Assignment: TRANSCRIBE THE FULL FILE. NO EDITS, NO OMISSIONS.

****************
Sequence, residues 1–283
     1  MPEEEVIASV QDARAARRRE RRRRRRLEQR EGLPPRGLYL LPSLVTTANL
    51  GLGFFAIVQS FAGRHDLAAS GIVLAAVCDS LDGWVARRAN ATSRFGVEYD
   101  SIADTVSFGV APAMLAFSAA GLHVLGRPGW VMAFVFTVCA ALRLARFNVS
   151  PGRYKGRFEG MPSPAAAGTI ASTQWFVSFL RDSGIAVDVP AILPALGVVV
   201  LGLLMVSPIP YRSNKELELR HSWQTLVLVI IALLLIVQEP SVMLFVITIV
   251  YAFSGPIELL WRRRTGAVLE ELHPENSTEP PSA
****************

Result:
Sequence, residues 1–283
     1  MPEEEVIASV QDARAARRRE RRRRRRLEQR EGLPPRGLYL LPSLVTTANL
    51  GLGFFAIVQS FAGRHDLAAS GIVLAAVCDS LDGWVARRAN ATSRFGVEYD
   101  SIADTVSFGV APAMLAFSAA GLHVLGRPGW VMAFVFTVCA ALRLARFNVS
   151  PGRYKGRFEG MPSPAAAGTI ASTQWFVSFL RDSGIAVDVP AILPALGVVV
   201  LGLLMVSPIP YRSNKELELR HSWQTLVLVI IALLLIVQEP SVMLFVITIV
   251  YAFSGPIELL WRRRTGAVLE ELHPENSTEP PSA